- Members of the NETmundial Initiative (NMI) Coordination Council who were present at EuroDIG met to discuss the future of the NMI. Currently, with ICANN and WEF having declined to continue providing financial support for NMI, CGI.br is the only founding member that has expressed potential interest in continuing to support NMI. The Council members discussed with the global IGF to see if the Netmundial could potentially coexist alongside IGF as a form of ongoing intersessional process to advance the principles documented in the 2014 Netmundial outcome document. It was also noted that CGI.br would hold a meeting on 20 June to decide how, if at all, it would be involved in NMI going forward.
- The European Commission held a workshop on Global Internet Policy Observatory (GIPO). Funding for GIPO runs out in 2017 and the Commission is keen to turn the observatory over to the community, or another organiational home for further development.
EuroDIG 2017 will be held in Tallinn, Estonia. Estonia is leading the world in its work to integrate offline and online environments, and offers e-residencies – a transnational digital identity – to anyone in the world interested in administering a location-independent business online.
By Samantha Dickinson
The European Dialogue on Internet Governance (EuroDIG) is an open platform for informal and inclusive discussions on public policy issues related to Internet Governance across Europe and integrates issues from national Internet Governance platforms in Europe as well as contributing to the global Internet Governance Forum (IGF). EuroDIG 2016 takes place on 9-10 June in Brussels, at the Square - Brussels Meeting Centre. It is hosted by EURid in cooperation with the European Commission. The theme of this year's event is 'Embracing the digital (r)evolution'.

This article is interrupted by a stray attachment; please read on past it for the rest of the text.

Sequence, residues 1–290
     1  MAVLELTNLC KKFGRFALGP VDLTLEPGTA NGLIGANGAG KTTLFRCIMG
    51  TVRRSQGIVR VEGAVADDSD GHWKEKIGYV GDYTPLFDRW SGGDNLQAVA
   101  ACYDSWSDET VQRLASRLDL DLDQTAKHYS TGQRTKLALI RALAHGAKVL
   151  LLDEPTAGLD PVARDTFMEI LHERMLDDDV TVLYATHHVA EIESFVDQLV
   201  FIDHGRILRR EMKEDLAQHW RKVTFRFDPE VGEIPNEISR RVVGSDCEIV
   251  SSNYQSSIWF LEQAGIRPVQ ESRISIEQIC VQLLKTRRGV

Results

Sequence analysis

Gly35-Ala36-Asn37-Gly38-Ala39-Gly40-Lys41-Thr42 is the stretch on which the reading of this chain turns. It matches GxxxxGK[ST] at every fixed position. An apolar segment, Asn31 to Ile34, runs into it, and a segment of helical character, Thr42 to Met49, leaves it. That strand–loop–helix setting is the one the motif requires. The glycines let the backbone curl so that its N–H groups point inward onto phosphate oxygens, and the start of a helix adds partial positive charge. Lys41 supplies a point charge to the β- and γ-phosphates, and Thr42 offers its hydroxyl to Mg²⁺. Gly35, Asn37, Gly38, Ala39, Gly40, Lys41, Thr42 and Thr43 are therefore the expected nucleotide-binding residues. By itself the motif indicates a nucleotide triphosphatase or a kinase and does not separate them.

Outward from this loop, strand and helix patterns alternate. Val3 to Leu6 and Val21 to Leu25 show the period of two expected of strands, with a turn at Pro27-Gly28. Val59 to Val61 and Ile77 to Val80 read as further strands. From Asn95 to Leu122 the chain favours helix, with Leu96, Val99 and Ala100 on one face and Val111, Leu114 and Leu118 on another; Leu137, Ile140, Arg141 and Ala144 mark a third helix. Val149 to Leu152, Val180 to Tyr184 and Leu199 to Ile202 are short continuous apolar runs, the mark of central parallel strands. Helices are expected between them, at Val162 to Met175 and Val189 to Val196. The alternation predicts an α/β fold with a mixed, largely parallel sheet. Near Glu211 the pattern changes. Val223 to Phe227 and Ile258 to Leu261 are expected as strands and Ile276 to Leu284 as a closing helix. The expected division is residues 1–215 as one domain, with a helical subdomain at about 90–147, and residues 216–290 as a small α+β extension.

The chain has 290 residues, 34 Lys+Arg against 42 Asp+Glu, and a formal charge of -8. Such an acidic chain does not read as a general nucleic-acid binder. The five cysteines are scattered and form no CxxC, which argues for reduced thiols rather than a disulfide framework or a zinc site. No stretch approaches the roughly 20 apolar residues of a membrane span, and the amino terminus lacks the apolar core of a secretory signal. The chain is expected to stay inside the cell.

Join the Geneva Internet Platform at EuroDIG:
8 June: The GIP will participate in a pre-event on Co-designing GIPO's Observatory Tool - Bringing together IG communities, on 8 June at 14:30-17:30 CEST (12:30-15:30 UTC). Read more about this workshop.
9 June: Workshop #4 on Your IG ecosystem may be out of date. Please check for updates, from 14:30 CEST (12:30 UTC/GMT), aims to raise participants’ awareness of the current status of the internet governance ecosystem - including major issues and debates, both globally and in Europe. Part One will set the scene with an overview of key global IG developments in 2015 as well as major IG debates and challenges ahead. Part Two will map the European IG ecosystem: Identifying priority IG issue areas in Europe, including challenges and potential ways to overcome them. Speakers: Dominique Lazanski, Head GSMA’s Internet Governance Task Force; Jovan Kurbalija, Director of DiploFoundation and Head of the Geneva Internet Platform; Megan Richards, Head of the Internet Governance Taskforce in DG Communications Networks, Content and Technology (CONNECT) of the European Commission.
9 June: The GIP will give an overview of the GIP Digital Watch observatory during a flash session, on 9 June, at 17:15 CEST (15:15 UTC/GMT). A presentation on the observatory and its functionalities will be followed by interactions with participants. The presentation will be made by Tereza Horejsova, DiploFoundation Project Development Director and GIP Coordinator. For more details, e-mail email@example.com